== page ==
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Fashion : Haute Couture Goes to the Dogs and Cats

September 13, 1989|GRETA BEIGEL | Times Staff Writer

On a sweltering morning on the Westside of town, Max, a much-loved terrier, is posing for photographers atop a rented red Jaguar outside a local pet store.

Promoting a line of "doggie" jewelry for his boss, designer Liza Lee, Max is wearing his jeweled ID tag, a 14-karat-gold necklace and a black tuxedo and top hat.

Gold chains and charms. Diamond collars. Colorful bow ties. Satin tuxedos. Party dresses and perfumes.

Accessories for animals have gone upscale, moving from leashes and collars to diamonds and furs. Nationwide sales for 1989 are expected to reach $2 billion.

Many Owners Object

Yet many pet owners, animals-rights activists and animal behaviorists question the wisdom of pampering pets beyond supplying them with the necessities of life.

The Los Angeles Society for the Prevention of Cruelty to Animals calls for caution if dressing up an animal, urging owners to make sure nothing can strangle their pet.

Washington-based PETA (People for the Ethical Treatment of Animals), a national animal-rights organization, reminds that animals are entitled to dignity and should not be made to wear anything "weird or uncomfortable."

"I'm offended by all this jewelry," says Ted Bergman of West Los Angeles, who owns a West Highland terrier and a Scottie.

"But let's face it, when it comes to pets, people are irrational and there are no limits."

Americans spend more than $12 billion annually on pet foods and pet products, with California accounting for 20% of sales, according to Tom McLaughlin, executive vice president of Pasadena-based Western World Pet Supply Assn., a trade organization.

As spas for dogs proliferate and a growing number of owners seek to beautify their pets with haute couture, several department stores are meeting the demand for high-quality fashions.

At Macy's Petigree Shop, popular items are jogging suits for dogs costing $30, raincoats at $45 and English trench coats for $55. However, sales of bridal gowns, party dresses and sailor suits are on the wane, Macy's spokesman Tom Dyjor says.

Best Bets at Bloomingdale's carries somewhat conservative creations--fragrances, sweaters, collars and jewelry.

"We are torn between knowing that people love their animals, but also wanting to make sure with all the misery and poverty in the world that we don't look silly," promotional director Miraed Smith explains.

Hottest outfits nationwide are matching sweaters for people and pets.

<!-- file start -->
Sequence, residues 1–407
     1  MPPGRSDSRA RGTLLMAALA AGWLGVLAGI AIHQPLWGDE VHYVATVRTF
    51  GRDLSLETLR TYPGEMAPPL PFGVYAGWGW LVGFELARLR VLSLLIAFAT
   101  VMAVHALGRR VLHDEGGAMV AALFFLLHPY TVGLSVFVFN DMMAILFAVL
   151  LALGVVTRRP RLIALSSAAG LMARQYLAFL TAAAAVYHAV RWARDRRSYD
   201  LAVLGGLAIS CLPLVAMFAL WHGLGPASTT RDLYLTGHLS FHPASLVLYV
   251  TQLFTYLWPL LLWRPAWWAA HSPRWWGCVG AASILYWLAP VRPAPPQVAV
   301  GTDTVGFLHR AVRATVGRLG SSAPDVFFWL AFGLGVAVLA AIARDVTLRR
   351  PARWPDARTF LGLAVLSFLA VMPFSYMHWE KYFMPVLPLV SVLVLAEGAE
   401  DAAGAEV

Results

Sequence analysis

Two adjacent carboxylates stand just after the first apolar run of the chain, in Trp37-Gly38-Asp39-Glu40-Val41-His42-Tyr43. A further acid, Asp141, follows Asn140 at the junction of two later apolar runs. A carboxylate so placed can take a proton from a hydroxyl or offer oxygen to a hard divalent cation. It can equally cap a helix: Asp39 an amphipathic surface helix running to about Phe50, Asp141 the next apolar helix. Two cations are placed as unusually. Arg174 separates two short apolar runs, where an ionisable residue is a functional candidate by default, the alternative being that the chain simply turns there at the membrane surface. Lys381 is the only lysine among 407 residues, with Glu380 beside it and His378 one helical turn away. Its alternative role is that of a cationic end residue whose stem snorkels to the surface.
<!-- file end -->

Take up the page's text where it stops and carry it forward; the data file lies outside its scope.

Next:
Author and self-styled animal social worker Warren Eckstein, who conducts a weekly call-in psychology hour for pets on KABC talk radio, explains the trend:

As the number of pet owners increases and the relationship between pet and owner gets closer, Eckstein claims, "more human traits are emerging in animals."

New York pet-fashion designer Ilene Hochberg, whose best-selling parodies on fashion magazines--"Dogue," "Catmopolitan," and the recent "Vanity Fur"--contain fashion tips for cats and dogs, believes pets reflect an owner's sense of taste and values.

"They reflect your own particular image," asserts Hochberg, who has 11 dogs.

Moving towards high-quality goods, Robison's Pet Shop in San Francisco carries wool coats from England costing about $100, in addition to sweaters that sell heavily October through January.

And setting an example of true, Southern California fashion extremism, Nature's Grooming and Boutique in Santa Monica reports a run on matching jogging suits for dogs and owners and wedding dresses with antique lace costing from $150. There are also pin-stripe suits for dogs, at $24.95, and even yarmulkes, at $9.99 apiece.

While canine couture is readily available in all shapes and sizes, fewer choices confront the genteel cockatiel or the finicky feline, fastidious about what goes on his or her fur.

Costume designer Alicia Devora, through her Port Townsend, Wash.-based company, Birdie's, designs bow ties for birds. Made to order, they run $9 each.

Macy's offers straw hats for cats at $3 apiece.

Don't Restrict Cats

Dr. Perry Crenshaw, who runs the At Home Mobile Veterinary Service based in Sherman Oaks, advises against placing any restrictive items on a cat. If a cat doesn't like hats, T-shirts or sweaters, he cautions, he or she may try to disrobe and could catch a leg. In fact, most cats have poor tolerance even for collars.

Collars. Leashes. Sweaters. These are still the staples of the pet industry, according to several pet-store owners.

Ed Breuer, proprietor of Robison's, says despite all the hoopla surrounding exotic fashions, pet lovers remain practical about their purchases.

"Sure a bow tie or tuxedo can be fun, and of course dogs like to dress up and be the center of attention," Breuer says, "but a lot of this craziness is just hype. Most owners are very sensible about what they put on their pets."

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